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This book is the first to focus on the African origins of human language. It explores the origins of language and culture 250,000-150,000 years ago when modern humans evolved in Africa. Scholars from around the world address the fossil, genetic, and archaeological evidence and critically examine the ways it has been interpreted. The book also considers parellel developments among Europe's Neanderthals and the contrasting outcomes for the two species. Following an extensive introduction contextualizing and linking the book's topics and approaches, fifteen chapters bring together many of the most significant recent findings and developments in modern human origins research. The fields represented by the authors include genetics, biology, behavioural ecology, linguistics, archaeology, cognitive science, and anthropology.
About the Author
Rudolf Botha is Emeritus Professor of General Linguistics at the University of Stellenbosch, Honorary Professor of Linguistics at Utrecht University, and a Fellow of the Netherlands Institute for Advanced Study (2001-02 & 2005-06). His books include Form and Meaning in Word Formation: A Study of Afrikaans Reduplication (CUP 1988), Challenging Chomsky: The Generative Garden Game (Blackwell 1989), and Unravelling the Evolution of Language (Elsevier 2003).
Chris Knight is Professor of Anthropology at the University of East London. Best known for his 1991 book, 'Blood Relations: Menstruation and the origins of culture', he helped initiate the Evolution of Language (evolang) series of international conferences and has published widely on the evolutionary emergence of language and symbolic culture. His next book will be The Human Conspiracy: Speech, deception and the selfish gene.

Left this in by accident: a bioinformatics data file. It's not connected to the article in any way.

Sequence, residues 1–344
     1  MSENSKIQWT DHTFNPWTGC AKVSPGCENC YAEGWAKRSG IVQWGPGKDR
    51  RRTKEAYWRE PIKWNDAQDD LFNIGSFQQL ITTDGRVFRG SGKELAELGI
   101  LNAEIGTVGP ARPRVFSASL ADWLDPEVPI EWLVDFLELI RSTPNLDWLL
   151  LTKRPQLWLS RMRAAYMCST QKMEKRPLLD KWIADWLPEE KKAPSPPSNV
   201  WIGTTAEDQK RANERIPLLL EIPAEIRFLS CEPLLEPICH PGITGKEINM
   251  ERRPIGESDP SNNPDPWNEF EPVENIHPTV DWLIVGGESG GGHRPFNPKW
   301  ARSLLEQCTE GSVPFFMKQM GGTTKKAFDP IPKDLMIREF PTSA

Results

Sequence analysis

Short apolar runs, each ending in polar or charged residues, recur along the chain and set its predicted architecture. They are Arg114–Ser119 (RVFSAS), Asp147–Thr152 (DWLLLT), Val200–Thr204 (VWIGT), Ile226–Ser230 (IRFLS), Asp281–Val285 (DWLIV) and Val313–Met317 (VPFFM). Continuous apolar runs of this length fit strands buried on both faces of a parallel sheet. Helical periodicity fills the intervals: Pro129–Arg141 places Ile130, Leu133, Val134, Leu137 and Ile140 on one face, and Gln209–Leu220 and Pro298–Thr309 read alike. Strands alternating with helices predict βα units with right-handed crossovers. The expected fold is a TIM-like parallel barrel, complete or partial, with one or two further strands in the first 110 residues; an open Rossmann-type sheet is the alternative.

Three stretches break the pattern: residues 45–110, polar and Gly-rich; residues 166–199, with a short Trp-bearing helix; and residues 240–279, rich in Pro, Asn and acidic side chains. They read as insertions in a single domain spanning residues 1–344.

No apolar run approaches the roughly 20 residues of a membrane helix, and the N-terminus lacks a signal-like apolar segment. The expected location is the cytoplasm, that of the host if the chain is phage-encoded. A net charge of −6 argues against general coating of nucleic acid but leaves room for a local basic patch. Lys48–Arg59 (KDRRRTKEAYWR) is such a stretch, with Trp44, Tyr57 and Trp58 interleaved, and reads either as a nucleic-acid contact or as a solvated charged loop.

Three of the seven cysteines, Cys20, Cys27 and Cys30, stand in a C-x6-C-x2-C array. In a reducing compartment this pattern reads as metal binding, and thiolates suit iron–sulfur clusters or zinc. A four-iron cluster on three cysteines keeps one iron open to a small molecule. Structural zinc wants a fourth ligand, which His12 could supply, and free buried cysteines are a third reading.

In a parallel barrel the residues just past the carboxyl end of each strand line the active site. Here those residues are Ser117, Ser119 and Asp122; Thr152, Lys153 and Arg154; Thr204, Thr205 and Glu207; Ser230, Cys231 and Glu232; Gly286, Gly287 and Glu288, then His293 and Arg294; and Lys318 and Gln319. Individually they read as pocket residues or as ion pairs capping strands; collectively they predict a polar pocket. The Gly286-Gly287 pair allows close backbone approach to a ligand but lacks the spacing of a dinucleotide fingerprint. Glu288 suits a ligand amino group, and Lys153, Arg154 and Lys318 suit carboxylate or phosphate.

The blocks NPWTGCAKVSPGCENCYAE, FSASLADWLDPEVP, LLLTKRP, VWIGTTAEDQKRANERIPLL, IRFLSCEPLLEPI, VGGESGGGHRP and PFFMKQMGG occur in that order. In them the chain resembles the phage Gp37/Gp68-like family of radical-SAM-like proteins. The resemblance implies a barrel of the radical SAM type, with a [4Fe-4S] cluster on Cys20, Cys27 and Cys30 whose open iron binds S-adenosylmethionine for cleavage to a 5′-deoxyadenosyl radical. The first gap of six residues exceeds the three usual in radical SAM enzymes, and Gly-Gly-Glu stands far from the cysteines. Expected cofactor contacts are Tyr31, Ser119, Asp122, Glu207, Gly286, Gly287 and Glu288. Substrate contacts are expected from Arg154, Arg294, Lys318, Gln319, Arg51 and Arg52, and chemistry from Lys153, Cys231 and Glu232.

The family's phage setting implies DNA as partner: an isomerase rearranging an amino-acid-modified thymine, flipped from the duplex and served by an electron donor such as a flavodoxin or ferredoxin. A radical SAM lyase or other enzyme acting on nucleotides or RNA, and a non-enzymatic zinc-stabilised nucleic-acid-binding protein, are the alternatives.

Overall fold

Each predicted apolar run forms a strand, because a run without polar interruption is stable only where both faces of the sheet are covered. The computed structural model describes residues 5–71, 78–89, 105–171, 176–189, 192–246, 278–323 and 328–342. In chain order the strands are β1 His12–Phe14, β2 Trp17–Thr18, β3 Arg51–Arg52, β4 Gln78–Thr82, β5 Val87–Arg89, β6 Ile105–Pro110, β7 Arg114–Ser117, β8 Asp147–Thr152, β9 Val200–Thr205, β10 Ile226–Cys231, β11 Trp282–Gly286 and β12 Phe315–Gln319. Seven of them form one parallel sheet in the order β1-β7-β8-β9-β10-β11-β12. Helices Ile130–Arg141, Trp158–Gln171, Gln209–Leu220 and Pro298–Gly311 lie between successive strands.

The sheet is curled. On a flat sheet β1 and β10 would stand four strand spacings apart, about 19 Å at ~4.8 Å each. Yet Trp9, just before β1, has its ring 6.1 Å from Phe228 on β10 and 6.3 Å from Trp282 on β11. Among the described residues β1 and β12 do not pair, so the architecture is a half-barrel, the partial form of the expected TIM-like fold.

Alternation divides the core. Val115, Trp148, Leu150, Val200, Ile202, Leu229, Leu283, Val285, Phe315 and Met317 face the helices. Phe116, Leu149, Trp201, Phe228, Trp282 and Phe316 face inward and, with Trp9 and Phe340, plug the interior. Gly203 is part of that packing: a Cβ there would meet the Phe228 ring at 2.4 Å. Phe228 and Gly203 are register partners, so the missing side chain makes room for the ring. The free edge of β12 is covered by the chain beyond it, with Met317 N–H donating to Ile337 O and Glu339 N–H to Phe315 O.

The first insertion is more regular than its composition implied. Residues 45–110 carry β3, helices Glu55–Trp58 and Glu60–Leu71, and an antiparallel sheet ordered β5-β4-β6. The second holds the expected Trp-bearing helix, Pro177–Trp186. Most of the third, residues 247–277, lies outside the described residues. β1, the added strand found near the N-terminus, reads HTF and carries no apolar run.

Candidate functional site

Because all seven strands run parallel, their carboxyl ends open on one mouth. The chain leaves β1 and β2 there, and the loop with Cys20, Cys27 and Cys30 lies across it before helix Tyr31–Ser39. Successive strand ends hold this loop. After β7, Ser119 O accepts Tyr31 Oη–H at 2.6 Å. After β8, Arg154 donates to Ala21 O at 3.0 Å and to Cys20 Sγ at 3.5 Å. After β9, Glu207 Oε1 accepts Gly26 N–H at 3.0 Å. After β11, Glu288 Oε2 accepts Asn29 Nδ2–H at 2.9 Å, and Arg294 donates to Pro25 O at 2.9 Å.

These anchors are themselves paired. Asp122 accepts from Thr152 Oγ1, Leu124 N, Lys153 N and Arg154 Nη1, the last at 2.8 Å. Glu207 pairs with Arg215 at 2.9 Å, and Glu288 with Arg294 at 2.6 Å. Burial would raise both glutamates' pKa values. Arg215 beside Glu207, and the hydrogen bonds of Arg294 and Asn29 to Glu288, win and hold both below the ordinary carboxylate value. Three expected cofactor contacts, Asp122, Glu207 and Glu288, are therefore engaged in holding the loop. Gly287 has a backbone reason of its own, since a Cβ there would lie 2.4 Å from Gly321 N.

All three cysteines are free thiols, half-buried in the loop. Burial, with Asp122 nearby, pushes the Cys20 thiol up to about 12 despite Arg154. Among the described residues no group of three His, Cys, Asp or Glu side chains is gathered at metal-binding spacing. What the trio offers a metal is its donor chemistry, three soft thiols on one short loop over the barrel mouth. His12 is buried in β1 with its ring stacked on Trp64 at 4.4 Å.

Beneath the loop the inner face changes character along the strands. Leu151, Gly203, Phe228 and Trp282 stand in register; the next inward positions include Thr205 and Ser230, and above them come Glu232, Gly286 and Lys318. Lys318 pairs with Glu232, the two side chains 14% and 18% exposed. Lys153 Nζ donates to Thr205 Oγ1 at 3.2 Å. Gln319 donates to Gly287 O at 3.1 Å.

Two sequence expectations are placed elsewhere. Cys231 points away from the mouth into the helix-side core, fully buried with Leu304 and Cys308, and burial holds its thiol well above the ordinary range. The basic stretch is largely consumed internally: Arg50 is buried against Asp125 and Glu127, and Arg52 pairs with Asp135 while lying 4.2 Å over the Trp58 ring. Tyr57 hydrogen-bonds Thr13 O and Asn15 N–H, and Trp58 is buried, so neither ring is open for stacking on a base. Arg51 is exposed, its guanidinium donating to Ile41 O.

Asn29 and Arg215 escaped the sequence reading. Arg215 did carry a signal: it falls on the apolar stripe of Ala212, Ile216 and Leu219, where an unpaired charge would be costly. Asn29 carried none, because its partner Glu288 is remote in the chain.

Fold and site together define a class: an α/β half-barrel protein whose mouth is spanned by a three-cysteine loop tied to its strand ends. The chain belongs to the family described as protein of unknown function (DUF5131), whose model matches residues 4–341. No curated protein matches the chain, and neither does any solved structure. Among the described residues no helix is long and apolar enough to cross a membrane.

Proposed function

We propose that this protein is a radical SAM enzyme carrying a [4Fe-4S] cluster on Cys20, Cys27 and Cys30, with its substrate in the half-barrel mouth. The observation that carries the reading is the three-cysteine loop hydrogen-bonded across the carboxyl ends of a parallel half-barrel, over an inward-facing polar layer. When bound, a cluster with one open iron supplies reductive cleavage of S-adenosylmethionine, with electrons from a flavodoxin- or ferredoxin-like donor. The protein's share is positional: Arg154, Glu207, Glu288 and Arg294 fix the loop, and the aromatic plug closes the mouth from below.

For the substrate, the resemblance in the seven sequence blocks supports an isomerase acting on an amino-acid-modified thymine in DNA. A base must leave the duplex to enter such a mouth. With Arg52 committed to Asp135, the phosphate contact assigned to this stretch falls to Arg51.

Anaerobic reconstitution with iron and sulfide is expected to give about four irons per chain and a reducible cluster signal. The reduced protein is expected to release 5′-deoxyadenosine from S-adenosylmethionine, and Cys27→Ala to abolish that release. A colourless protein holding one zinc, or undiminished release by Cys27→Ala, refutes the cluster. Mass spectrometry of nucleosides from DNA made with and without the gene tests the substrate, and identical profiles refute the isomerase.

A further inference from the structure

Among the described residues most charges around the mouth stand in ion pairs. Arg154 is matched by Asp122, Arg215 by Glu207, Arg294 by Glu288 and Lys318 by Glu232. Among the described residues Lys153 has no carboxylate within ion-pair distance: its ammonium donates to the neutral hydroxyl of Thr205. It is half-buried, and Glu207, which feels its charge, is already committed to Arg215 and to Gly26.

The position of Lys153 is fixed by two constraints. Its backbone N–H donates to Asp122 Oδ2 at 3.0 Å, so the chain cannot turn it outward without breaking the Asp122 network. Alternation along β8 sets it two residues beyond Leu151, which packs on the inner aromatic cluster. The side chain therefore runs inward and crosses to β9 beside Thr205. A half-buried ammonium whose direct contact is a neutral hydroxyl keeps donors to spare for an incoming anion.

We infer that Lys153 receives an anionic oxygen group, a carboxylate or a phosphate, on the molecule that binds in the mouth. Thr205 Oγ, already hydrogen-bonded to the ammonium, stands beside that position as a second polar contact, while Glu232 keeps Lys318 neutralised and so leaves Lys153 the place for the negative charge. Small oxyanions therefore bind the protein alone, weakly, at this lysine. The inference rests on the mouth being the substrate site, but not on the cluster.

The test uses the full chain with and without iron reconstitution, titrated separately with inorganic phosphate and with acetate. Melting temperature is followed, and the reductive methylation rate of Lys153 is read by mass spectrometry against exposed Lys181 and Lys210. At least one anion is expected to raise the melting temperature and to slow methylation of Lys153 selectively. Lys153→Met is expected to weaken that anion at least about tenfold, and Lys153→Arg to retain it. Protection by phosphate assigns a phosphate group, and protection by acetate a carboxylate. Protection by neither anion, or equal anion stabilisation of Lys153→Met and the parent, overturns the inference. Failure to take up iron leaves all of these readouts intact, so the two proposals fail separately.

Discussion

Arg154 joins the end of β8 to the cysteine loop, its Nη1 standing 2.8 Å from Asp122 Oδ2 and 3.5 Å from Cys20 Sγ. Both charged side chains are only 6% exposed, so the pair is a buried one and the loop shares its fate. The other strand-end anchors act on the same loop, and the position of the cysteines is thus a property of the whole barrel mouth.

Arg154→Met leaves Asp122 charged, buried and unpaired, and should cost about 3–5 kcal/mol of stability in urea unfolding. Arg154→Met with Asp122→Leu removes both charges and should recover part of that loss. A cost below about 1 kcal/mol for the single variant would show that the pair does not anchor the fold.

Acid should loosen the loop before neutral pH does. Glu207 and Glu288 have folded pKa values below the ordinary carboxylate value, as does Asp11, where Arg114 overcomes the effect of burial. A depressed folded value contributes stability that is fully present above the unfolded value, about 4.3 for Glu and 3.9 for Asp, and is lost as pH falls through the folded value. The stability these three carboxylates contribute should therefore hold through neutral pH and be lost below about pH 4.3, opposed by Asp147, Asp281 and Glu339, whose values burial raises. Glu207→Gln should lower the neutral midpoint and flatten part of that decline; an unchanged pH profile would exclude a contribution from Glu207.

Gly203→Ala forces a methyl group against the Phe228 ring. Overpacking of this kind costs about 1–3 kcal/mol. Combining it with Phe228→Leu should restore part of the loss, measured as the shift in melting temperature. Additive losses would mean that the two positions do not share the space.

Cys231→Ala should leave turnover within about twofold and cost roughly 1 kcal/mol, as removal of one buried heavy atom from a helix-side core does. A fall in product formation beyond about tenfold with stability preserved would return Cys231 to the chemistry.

Table of Contents
1. Introduction: Perspectives on the Evolution of Language in Africa, Chris Knight
2. Earliest Personal Ornaments and Their Significance for the Origin of Language Debate, Francesco d'Errico and Marian Vanhaeren
3. Reading the Artefacts: Gleaning Language Skils From the Middle Stone Age in Southern Africa, Christopher Stuart Henshilwood and Benoît Dubreuil
4. Red Ochre, Body Painting, and Language: Interpreting the Blombos Ochre, Ian Watts
5. Theoretical Underpinnings of Inferences About Languae Evolution: The Syntax Used at Blombos Cave, Rudolf Botha
6. Fossil Cues to the Evolution of Speech, W. Tecumseh Fitch
7. Evidence Against a Genetic-Based Revolution in Language 50,000 Years Ago, Karl C. Diller and Rebecca L. Cann
8. A 'Language-Free' Explanation for Differences Between the European Middle and Upper Palaeolithic Record, Wil Roebroeks and Alexander Verpoorte
9. The Importance of Archaeological Evidence for Investigating the Evolutionary Emergence of Language, Iain Davidson
10. Diversity if Languages, Genes, and the Language Faculty, James R. Hurford and Dan Dediu
11. How Varied Typologically are the Languages of Africa?, Michael Cysouw and Bernard Comrie
12. What Click Languages Can and Can't Tell us About Language Origins, Bonny Sands and Tom Güldemann
13. Social Origins: Sharing, Exchange, Kinship, Alan Barnard
14. As Well as Words: Congo Pygmy Hunting, Mimicry, and Play, Jerome Lewis
15. Sexual Selection Models for the Emergence of Symbolic Communication: Why They Should be Reversed, Camilla Power
16. Language, Ochre, and the Rule of Law, Chris Knight